Coming back from a broken collarbone: a painful process

Sunday 6th August: Antwerpse Havenpijl, a race on roads as flat and fast as roads can possibly be. It was the first time, since leaving the junior category, that after an hour or so of racing I was still really feeling like I could win this UCI race. All was going well and I was riding in about 10th position when unfortunately a rider from the u23 Lotto Soudal team attacked and his foot came out of the pedal, meaning he suddenly flopped to the ground at 50km/h. I was about 10m behind him at this moment and was thinking already how I could avoid coming down over the top of him, but avoiding this was only possible if he fell off to the side of the road. He didn’t. He spread across the road and I hit him before flying through the air and head first into the ditch at the side of the road. I landed hard. Concussion (which I think dulled the pain of the other injuries), a broken wrist, and the collarbone into 5 large pieces.

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I’m not sure if it was the concussion or the painkillers, but none of this sunk in over the rest of the day. In fact, despite being in surgery four days after the crash, I hadn’t accepted the fact that I would not race again in 2017 for at the very least a month. This just wasn’t possible.

Just getting things moving over the following days was the thing that kept me sane. I met with the surgeon the day after crashing and was in surgery just a couple of days later. Although I had bags of time, I even met with Magnus Backstedt, my coach, to discuss the plan for winter training and even thinking about races in 2018! For me, just talking about the future made me feel so much better about the situation, I could momentarily forget the fact that the surgeon didn’t want me on the road for another 4 months. Of course making plans at this stage was fairly useless as we had no idea about how I was going to recover from this apart from knowing that at the mark of 3.5 months I would be having surgery again to get the plate taken out. The aim was simply to keep myself distracted as recovery from this sort of thing is unfortunately only a matter of time… A lot of time…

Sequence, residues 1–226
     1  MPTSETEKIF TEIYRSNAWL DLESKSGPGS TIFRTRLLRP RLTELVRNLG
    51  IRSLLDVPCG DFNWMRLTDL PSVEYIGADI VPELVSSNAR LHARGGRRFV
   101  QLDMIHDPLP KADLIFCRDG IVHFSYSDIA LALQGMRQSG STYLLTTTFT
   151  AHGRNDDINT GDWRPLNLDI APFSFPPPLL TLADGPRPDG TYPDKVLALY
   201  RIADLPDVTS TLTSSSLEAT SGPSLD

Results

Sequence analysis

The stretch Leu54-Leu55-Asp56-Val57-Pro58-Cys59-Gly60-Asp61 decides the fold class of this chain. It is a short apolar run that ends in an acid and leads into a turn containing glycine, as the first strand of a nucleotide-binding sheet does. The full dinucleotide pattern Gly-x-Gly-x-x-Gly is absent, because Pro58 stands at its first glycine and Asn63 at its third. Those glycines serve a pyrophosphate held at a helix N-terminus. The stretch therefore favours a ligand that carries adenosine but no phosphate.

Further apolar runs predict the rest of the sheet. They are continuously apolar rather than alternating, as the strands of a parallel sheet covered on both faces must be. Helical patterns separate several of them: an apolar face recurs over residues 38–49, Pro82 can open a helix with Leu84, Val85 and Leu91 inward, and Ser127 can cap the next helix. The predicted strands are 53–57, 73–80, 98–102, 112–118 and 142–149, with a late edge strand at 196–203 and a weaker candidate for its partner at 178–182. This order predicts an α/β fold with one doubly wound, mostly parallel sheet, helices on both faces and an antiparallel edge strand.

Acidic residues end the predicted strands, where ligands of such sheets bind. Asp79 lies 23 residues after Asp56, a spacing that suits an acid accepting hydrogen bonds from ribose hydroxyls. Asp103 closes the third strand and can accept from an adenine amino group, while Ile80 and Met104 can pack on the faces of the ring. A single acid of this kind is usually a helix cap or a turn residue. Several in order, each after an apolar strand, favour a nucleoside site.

Everyone was constantly reminding me to relax. There was much time before I’d be racing again and however keen I was to get to work, and push it hard on the turbo trainer, trying to maintain what fitness I had would only wear me down. So I listened to them all, I worked on the turbo but without much aim, just keeping things moving and keeping me entertained while I catch up on the other parts of life; studying to teach English as a foreign language, spend some important time with my close friends, relax with my family… Eventually, after about 2.5 months, I got a call from Magnus one day and to my surprise and absolute delight, he told me to get out on the road. The arm was moving and holding well, I just had to do all I could to be safe. My sanity was restored! Yes, this was a risk and not what the surgeon wanted, but the only risk came from crashing, and there are things you can do to minimise the risks…

3.5 months in, I was under the knife once again, this was the official end of this mental torture! I made sure to play things safe on the return as I hadn’t done much hard training for months.. Although, having said that, I was on the turbo just 5 days after the surgery and on the road 2 days later, but in terms of training workload, I was easing back into it with Magnus’ advice. And this takes us pretty much to where we are now! I got back into full training, and after some weeks I put in bigger hours on the bike than I have ever done before. I seriously believe that I have come out of this period in a much better place than I went into it as I really tried to use it as an opportunity to let the body adapt, fix some muscular problems in the legs and really take a step back mentally to see where I am and where I aim to be.

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And so, reflecting back on this time, what advice would I give to someone else who is unfortunate enough to be in the situation I was in back in August, or something similar? Firstly, having someone that has been through the same thing before there that you can talk to regularly. For me, Magnus has been coaching me for a year now and he had exactly the same injury back in his career, so he kept a cool head, told me to relax, and always knew exactly what to say and what to expect. Secondly, to always think ahead of where you are in the present. In this situation, there is nothing you can do really to speed things up, and looking to where you want to be in a few months’ time is what can keep you going strong. Finally, take it as an opportunity. It doesn’t have to be a big set back. It is very rare that serious cyclists get to take a large amount of time to take care of the other parts of life, so enjoy it, and put things into perspective, and this will have a positive impact on the bike.

The real test will come when I start racing again come early March, but I have never felt more ready!